They would stay in the United States for a year before my grandmother decided she did not like the US. I press my mother and she discloses that family dynamics were strained, the house too crowded. I suspect she never fully assimilated, didn’t want to…4 went back to Mexico, including my father.
The elder Sáenz eventually moved back, settling in East LA, where the author was born and lived his early years. As a child, it is the family’s move from East LA to suburban Whittier that strikes the first blow on his umbilical tie to Spanish. Replanted in a primarily white city, Sáenz had no choice but to enroll in an all-English school. His mother’s explanation, quoted in the book, arrived via text message: “no bilingual allowed at the time.”
Throughout Susurros, there is a sense that we are seeing the author’s loss of language, experiencing it in the moment. While Vuong’s prose unspools in shocking color, the language of Susurros is chunky, a concatenation of images, memories, and interjections about the author’s process. Splitting these from one another are a variety of punctuation marks: asterisks, line breaks, brackets, and (the author’s favorite) a pair of forward slashes—a typography which recalls a knife cleaving along a demarcation, searching for a clean cut.
In a section titled “//Con Vergueza” (“With Shame”), Sáenz recalls moments of translation with brutal simplicity:
…when I have to translate for my white co-workers at the continuation school in Salinas. They speak little Spanish, just enough to pass it on to someone else. I tense up whenever the phone rings when ‘uhn mo-men-to’ echoes in the halls. My body stiffens when parents wander in, questions that beg complicated answers.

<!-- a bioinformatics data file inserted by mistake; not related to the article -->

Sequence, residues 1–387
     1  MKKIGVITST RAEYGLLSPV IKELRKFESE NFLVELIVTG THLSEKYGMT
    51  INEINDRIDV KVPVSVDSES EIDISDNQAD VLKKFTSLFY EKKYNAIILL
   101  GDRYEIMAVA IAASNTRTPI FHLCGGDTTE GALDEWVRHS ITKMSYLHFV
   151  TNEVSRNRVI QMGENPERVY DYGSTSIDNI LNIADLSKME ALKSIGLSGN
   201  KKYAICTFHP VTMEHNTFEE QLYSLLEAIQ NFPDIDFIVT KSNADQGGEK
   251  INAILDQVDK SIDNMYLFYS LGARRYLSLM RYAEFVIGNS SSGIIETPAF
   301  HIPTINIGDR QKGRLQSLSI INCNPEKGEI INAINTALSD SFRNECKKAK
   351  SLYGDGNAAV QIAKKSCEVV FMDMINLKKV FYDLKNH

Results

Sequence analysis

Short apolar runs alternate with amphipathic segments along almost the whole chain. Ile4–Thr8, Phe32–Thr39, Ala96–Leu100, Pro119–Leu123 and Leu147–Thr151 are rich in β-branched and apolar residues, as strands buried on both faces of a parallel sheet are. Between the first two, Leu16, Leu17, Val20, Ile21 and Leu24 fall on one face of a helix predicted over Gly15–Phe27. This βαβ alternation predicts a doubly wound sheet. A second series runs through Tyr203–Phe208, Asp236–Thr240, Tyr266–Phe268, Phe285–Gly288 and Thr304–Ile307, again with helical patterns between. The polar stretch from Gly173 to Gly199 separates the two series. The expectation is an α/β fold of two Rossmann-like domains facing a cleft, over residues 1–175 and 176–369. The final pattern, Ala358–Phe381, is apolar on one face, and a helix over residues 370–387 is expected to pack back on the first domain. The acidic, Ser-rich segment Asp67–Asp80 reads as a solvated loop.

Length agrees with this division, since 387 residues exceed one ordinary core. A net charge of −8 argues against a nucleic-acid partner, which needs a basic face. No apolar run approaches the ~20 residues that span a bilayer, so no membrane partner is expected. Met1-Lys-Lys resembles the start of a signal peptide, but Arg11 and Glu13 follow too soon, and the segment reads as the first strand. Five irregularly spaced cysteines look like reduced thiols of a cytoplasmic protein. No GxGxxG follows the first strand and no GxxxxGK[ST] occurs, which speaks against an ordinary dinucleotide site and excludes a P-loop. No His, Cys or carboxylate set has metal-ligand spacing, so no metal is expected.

Made up of two short segments, “//Con Verguenza” ends the same way each time: “I bite my lip and feel my face go flush…” When tokenized by coworkers: “I bite my lip and feel my face go flush…” When attempting to explain folklorico to a white student: “I bite my lip and feel my face go flush…” There is a sense that this section could have gone on to include 30 segments; 100. In another form, “//Con Verguenza” rivals the dreaded “Part About the Crimes” in 2666, the heft of its narrative emerging not through sequence but accumulation. Instead, //Con Verguenza is brief, and relies on ellipses—three dots which imply more left unstated, the utterances of a tongue already removed.
In one of the book’s earliest passages, Sáenz’s searches for his Spanish-language preschool, the site of one of his earliest memories:
I try researching the school online. Like my native tongue, the site no longer exists. Memory // dream. What severs the two?
Susurros traces these lines of severances and sutures. Lacking a complete alphabet, it proceeds in a whisper, stitching together words overhead, words issuing forth from memory, words unsaid and untranslated.
“But what,” Vuong asks, “if the mother tongue is stunted?”
The answer, Susurros suggests, is a whisper.